The justice, crime prevention and security cluster ministers held a media briefing about the recent incidents of public violence in different parts of the country. Jairus Mmutle GCIS
Cape Town - The government is reviewing laws to ensure parole is not granted for people who were convicted of sexual offences and to implement stricter bail conditions for alleged sexual offenders.

The justice, crime prevention and security cluster said this while detailing its plans in Parliament yesterday to deal with gender-based violence

Defence and Military Veterans minister Nosiviwe Mapisa-Nqakula said the cluster noted the high level of sexual offences at institutions of higher learning. “To address this matter, Police Minister Bheki Cele has been tasked to convene a meeting with all vice-chancellors to reassess campus security,” she said.

Mapisa-Nqakula said victim support and services would be strengthened.

The National Prosecuting Authority and the police had been instructed to review and update the anti-rape and sexual gender-based violence (GBV) policy. She said to date the government had in place 92 sexual offences courts and 11 would be finalised by the end of the financial year, with one opening this weekend in Limpopo.

“This will ensure that matters which relate to sexual offences are dealt with speedily by the justice system. As the cluster, we’re committed to engaging with the affected communities to find lasting solutions to crime, violence and drug trafficking. We further would like to appeal to the communities to partner with law enforcement agencies and community organisations to make sure our country is safe, peaceful and prosperous,” Mapisa-Nqakula said.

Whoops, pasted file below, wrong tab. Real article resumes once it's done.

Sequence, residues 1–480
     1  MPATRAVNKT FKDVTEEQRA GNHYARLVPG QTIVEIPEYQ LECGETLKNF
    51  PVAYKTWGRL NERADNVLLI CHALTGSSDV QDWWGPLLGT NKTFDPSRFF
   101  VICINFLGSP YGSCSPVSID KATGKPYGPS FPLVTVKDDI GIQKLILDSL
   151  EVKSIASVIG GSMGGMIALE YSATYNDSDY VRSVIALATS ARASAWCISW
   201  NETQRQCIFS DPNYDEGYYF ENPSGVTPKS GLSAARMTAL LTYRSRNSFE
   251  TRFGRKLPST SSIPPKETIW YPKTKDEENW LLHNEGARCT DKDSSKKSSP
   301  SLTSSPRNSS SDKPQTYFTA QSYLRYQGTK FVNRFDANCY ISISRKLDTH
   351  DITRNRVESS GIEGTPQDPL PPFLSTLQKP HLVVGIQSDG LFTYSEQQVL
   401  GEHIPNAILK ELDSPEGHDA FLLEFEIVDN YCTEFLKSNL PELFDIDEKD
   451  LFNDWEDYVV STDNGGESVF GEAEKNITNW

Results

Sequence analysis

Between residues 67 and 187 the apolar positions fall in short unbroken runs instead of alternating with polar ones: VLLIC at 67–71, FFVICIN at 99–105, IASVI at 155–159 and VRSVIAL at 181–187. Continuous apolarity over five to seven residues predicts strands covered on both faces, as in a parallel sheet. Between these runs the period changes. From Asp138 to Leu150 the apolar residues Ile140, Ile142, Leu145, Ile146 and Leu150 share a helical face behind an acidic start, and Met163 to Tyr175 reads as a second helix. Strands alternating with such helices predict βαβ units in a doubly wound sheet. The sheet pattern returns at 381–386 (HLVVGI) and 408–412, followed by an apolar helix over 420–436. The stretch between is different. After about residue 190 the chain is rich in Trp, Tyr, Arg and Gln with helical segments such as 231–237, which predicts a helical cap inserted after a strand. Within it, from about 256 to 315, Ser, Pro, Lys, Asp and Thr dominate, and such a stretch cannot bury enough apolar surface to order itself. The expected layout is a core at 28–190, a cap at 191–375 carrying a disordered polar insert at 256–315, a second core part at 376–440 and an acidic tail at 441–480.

The government is reviewing laws to ensure parole is not granted for people who were convicted of sexual offences and to implement stricter bail conditions. Video: Sisonke Mlamla/Cape Argus

Classes were disrupted amid GBV protests at the CPUT campus on Tuesday.

Spokesperson Lauren Kansley said they were aware of the class disruptions and demands from certain student groups that all CPUT campuses should be shut down completely.

Kansley said according to these groups, the protest was in support of the GBV cause. “The institution has already dedicated two days of the academic programme to this issue and an immediate GBV plan of action was communicated to staff and students on Monday.”

Meanwhile, the city council is planning a candlelight vigil and pledge for men tomorrow at the Civic Centre.

Monday had been declared Black Monday at CPUT. Vice-chancellor Chris Nhlapo addressed students and workers from all its Western Cape campuses during a gender-based violence programme following an attack and rape on a first-year nursing sciences student. Video Henk Kruger/African News Agency(ANA)
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